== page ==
Upon retracing this sketch of the progress and consequences of my early education, I begin to fear that groundless censure may fall upon the guardians of my infancy; and that defect of understanding or of principle may be imputed to those who so unsuccessfully executed their trust. Let me hasten to remove such a prejudice. My father's understanding was respectable in the line to which he chose to confine its exertions. Indifference to my happiness or my improvement cannot surely be alleged against him, for I was the pride of his heart. I have seen him look up from his newspaper, while reading the "shipping intelligence," or the opposition speeches, to listen to the praises of my beauty or my talents; and, except when his temper was irritated by my perverseness, I was the object of his almost exclusive affection. But he was a man of business. His days were spent in the toil and bustle of commerce; and, if the evening brought him to his home, it was not unnatural that he should there seek domestic peace and relaxation, --a purpose wholly incompatible with the correction of a spoiled child. My mother was indeed one of the finer order of spirits. She had an elegant, a tender, a pious mind. Often did she strive to raise my young heart to Him from whom I had so lately received my being. But, alas! her too partial fondness overlooked in her darling the growth of that pernicious weed, whose shade is deadly to every plant of celestial origin. She continued unconsciously to foster in me that spirit of pride, which may indeed admit the transient admiration of excellence, or even the passing fervours of gratitude, but which is manifestly opposite to vital piety--to that piety which consists in a surrender of self-will, of self-righteousness, of self in every form, to the Divine justice, holiness, and sovereignty. It was, perhaps, for training us to this temper, of such difficult, yet such indispensable attainment, that the discipline of parental authority was intended. I have long seen reason to repent the folly which deprived me of the advantages of this useful apprenticeship, but this conviction has been the fruit of discipline far more painful.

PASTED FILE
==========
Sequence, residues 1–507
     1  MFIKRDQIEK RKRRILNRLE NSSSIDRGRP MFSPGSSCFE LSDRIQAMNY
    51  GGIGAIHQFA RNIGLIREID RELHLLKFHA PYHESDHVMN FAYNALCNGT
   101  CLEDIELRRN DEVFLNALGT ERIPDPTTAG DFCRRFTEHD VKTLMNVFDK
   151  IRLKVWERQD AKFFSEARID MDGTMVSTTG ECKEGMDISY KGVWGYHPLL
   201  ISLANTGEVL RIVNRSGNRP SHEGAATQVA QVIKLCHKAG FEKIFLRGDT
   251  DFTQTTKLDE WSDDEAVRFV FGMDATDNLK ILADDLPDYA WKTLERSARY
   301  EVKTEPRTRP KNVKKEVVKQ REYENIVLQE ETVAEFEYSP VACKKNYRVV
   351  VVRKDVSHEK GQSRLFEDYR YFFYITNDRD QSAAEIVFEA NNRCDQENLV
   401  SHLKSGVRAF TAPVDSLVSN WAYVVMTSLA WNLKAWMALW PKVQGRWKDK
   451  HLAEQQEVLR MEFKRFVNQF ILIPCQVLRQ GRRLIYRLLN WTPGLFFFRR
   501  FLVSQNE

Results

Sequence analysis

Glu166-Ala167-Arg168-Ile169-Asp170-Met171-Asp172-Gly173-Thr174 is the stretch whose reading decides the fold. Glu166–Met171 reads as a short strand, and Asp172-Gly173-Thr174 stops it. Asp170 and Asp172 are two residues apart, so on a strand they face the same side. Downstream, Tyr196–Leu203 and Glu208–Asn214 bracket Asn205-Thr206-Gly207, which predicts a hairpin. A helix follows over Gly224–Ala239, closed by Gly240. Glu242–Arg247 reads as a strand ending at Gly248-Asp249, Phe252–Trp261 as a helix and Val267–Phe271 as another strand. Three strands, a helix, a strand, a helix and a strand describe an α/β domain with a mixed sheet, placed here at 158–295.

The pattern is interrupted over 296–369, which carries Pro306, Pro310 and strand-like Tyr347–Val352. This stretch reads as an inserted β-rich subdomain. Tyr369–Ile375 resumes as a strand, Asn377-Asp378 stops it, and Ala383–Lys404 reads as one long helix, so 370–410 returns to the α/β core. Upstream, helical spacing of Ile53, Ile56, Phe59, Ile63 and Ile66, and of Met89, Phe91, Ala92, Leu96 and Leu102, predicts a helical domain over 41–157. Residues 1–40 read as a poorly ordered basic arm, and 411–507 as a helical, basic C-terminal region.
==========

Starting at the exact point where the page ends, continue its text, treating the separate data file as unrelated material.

In the meantime, my self-will was preparing for me an immediate punishment, and eventually a heavy, an irremediable misfortune. I had just entered my ninth year, when one evening an acquaintance of my mother's sent me an invitation to her box in the theatre. As I had been for some days confined at home by a cold and sore throat, my mother judged it proper to refuse. But the message had been unwarily delivered in my hearing, and I was clamorous for permission to go. The danger of compliance being, in this instance, manifest, my mother resisted my entreaties with unwonted firmness. After arguing with me, and soothing me in vain, she took the tone of calm command, and forbade me to urge her further. I then had recourse to a mode of attack which I had often found successful, and began to scream with all my might. My mother, though with tears in her eyes, ordered a servant to take me out of the room. But, at the indignity of plebeian coercion, my rage was so nearly convulsive, that, in terror, she consented to let me remain, upon condition of quietness. I was, however, so far from fulfilling my part of this compact, that my father, who returned in the midst of the contest, lost patience; and turning somewhat testily to my mother, said, "The child will do herself more harm by roaring there, than by going to fifty plays."